The importance of rural India in our economy can hardly be over-emphasised. A critical step towards meeting the aspirations of rural India is understanding the changing rural credit structure.
The share of rural areas in total Net Value Added (NVA, a measure of GDP) is close to 50 per cent. Analysing the split sector-wise, it is no surprise that approximately 95 per cent of the Net Value Added (NVA) in agriculture, fishing, and forestry emanates from rural areas; for the manufacturing sector, this figure is 51 per cent.
Unfortunately, for financial services, the share of the rural as a percentage of the total is as low as 13 per cent.
The aspirations of the next billion have evolved. There is an increasing demand for enhanced and more stable income levels, better infrastructure, and the growing adoption of various digital services. These trends are ushering in change in the financial services space leading to more cost-effective, efficient, faster, and secure products.
The rural credit delivery structure has so far relied heavily on public sector banks, cooperative banks, and Regional Rural Banks (RRBs). This structure has achieved considerable success in reducing the dependence on non-institutional credit. After nationalisation in 1969, the share of institutional sources in farmers’ debt has remarkably improved from about 32 per cent in 1971 to 66.1 per cent in 2019, as per the latest NSSO Survey (Source: All India Debt and Investment Surveys, Various Issues, NSSO).
The lending landscape
The institutional lending landscape in rural India is quietly undergoing a digital transformation. Existing players and small finance banks (SFBs), payments banks, and NBFCs/NBFC-MFI have increasingly started delivering institutional credit via digital modes.
New entrants are complementing the work of existing banks and filling the gaps in access and availability of financial services.
Fintech companies have a digital edge and a wide variety of services that are redefining the lending landscape in MSME and retail segments. It is only a matter of time before the agriculture lending space experiences similar disruptive innovation.
Fintech partnership with existing lenders can be just the catalyst we need. Agriculture lending will have to move from individual lending to value chain-based financing.
It is a necessary transition as agricultural credit requirements have expanded beyond financing foodgrain production. India is one of the largest producers of fruits and vegetables globally, and the sector is infrastructure, logistics and storage intensive.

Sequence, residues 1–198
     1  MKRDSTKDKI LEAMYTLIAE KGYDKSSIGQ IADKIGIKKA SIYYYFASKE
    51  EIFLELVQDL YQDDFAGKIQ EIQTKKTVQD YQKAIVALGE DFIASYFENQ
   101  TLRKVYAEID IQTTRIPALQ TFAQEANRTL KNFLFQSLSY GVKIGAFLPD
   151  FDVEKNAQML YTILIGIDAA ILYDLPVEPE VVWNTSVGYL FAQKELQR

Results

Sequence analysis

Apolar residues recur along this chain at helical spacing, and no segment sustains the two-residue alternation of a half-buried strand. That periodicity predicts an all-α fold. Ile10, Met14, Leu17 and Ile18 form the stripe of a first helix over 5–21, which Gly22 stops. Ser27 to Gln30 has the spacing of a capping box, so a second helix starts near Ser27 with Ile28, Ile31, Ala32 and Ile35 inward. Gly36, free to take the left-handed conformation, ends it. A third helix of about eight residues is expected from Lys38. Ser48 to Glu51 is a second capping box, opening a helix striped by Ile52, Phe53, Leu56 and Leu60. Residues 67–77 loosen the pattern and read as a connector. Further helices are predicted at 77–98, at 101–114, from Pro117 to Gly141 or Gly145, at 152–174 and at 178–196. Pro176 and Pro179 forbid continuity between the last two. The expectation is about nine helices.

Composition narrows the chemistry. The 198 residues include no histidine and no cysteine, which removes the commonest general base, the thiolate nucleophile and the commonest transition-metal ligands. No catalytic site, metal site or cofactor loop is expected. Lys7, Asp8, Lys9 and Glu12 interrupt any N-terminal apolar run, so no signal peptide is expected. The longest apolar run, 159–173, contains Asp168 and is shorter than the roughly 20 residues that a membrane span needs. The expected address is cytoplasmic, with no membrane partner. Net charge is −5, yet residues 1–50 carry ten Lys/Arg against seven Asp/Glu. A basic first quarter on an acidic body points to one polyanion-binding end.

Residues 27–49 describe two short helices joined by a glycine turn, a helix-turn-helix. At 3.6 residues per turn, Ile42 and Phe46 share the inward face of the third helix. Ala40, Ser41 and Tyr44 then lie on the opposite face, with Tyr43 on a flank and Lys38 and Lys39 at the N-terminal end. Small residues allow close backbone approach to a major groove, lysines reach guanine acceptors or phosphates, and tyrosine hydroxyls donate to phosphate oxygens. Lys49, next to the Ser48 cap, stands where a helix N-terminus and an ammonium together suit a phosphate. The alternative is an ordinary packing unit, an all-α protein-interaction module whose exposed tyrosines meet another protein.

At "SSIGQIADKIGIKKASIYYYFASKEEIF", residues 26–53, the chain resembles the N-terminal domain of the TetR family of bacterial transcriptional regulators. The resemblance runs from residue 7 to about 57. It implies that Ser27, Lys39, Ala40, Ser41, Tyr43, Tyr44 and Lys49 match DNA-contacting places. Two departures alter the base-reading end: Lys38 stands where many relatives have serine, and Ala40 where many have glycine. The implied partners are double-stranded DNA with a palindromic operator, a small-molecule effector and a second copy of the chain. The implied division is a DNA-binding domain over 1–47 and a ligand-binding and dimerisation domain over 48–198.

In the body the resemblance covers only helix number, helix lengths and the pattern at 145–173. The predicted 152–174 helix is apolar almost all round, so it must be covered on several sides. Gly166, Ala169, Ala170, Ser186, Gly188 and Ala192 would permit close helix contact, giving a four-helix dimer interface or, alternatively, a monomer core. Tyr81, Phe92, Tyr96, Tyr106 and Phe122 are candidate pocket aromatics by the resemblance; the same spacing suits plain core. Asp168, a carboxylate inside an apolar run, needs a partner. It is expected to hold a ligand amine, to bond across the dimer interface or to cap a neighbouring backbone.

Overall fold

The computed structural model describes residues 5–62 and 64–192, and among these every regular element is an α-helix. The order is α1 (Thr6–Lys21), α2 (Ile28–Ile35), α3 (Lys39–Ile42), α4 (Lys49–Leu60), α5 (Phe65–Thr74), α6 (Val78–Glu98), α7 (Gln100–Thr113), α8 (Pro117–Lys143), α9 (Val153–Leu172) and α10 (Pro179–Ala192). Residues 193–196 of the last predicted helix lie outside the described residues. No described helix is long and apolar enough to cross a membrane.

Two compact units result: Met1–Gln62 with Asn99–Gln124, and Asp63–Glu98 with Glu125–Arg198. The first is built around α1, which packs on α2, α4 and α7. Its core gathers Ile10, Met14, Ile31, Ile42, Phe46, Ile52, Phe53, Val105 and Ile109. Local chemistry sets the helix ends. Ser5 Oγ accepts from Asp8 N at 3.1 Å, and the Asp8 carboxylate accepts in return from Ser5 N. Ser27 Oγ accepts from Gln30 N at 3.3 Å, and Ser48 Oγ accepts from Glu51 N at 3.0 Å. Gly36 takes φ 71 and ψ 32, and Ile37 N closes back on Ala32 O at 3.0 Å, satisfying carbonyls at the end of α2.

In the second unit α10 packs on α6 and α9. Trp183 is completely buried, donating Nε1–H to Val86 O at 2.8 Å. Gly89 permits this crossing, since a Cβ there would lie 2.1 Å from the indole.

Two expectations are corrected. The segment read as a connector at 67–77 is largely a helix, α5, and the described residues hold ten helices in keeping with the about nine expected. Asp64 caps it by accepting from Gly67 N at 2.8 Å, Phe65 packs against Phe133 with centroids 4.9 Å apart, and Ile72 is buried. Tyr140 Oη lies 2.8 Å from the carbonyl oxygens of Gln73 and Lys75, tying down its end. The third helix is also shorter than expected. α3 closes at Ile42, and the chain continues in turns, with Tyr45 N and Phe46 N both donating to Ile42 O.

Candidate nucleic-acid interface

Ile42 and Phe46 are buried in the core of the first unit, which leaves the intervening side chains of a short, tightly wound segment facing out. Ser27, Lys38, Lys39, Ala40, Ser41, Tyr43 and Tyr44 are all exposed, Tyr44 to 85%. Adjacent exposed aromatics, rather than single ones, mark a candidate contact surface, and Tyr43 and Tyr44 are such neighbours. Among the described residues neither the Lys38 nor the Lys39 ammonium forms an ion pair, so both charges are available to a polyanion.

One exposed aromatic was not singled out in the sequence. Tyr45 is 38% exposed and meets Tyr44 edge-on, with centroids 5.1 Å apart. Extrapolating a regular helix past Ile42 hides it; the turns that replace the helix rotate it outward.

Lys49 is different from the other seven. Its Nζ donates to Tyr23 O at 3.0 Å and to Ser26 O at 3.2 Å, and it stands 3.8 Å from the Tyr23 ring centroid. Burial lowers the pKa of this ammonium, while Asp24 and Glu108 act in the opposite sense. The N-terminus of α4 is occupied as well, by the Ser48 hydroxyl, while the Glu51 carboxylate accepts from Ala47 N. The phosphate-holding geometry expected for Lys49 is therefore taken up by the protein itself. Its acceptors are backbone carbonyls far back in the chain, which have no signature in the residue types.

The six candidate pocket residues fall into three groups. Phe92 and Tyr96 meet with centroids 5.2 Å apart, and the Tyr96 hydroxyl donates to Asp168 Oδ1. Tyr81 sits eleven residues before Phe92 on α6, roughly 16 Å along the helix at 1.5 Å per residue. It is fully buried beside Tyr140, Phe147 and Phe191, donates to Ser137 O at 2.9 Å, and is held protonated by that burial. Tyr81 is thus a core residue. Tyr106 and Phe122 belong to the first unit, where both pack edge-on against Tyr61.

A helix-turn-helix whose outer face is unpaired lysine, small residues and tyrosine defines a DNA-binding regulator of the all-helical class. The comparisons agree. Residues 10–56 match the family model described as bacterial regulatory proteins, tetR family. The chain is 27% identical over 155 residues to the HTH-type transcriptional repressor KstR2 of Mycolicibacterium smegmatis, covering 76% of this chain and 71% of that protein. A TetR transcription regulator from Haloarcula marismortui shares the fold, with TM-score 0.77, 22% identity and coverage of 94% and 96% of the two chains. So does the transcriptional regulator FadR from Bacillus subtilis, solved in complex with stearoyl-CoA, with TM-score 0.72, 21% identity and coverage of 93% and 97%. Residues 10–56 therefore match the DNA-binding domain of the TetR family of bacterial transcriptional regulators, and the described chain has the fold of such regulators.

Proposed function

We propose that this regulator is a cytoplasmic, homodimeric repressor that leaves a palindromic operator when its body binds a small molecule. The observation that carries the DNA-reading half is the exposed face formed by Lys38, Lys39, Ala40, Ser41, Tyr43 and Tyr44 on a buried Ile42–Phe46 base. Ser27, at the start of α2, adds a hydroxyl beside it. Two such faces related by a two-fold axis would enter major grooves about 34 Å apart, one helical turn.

The wide range of activities is amenable to value chain financing as the risks are shared among various stakeholders.
As of 2022, India has a vibrant ecosystem of agri-start-ups and active investors, making it the perfect time for launching innovative agrifintech products.
In this year’s Budget speech, the Finance Minister called for collaborative delivery of digital and technology-based services to farmers by involving various stakeholders. Soon, we will see the Agri Stack mature and play an important role in digitising the agriculture ecosystem. There are four key requirements to provide agriculture lending with a digital boost.
The four elements
First, land records need to be digitised and linked with lending intuitions for charge creation at the branch level.
Second, digitising the cash movement will make it more transparent and create the stepping stone to value chain-based financing.
Third is to digitise the other productive assets with farmers, the information reaching to farmers in the form of advisories or services and geotag the warehouses.
Finally, creating an e-registry can monetise the other assets that farmers own and aid in accessing institutional credit.
While these parts of the puzzle are important by themselves, the idea is to bring them all together to create a cohesive solution to the discussed gaps and challenges.
Digital agriculture credit is not merely replacing the physical processes but effectively improving and transforming the sector itself. For example, using drones to monitor fields can improve the efficiency and accuracy of agri insurance products.
Another challenge is monitoring the use of agriculture credit. Institutional lenders can monitor the fields using drones to confirm the proper use of sanctioned capital, thereby ensuring a higher likelihood of loan repayment.
At the national level, a case exists for crop-specific targeting of production subsidies.
Wherever there is a loss of groundwater, the system cannot yet identify the farmers still growing water-intensive crops or reward those who have already switched to more drought-resistant choices.
Therefore, the interest subvention presently is universally applied. With digital agri credit, the incentives can be optimised and dovetailed with national priorities such as sustainable agriculture.
The advent of technology supported by the rapid spread of smartphones and the internet in rural India must be utilised to serve the last mile and the time is ripe for the agriculture credit delivery structure to get a makeover. The sooner this happens the better.
Bhanwala is former chairman of Nabard and is currently a Senior Advisor at Omnivore and the Executive Chairman at Capital India Finance Ltd; Mehrotra is the Chief General Manager at Nabard. Views expressed are personal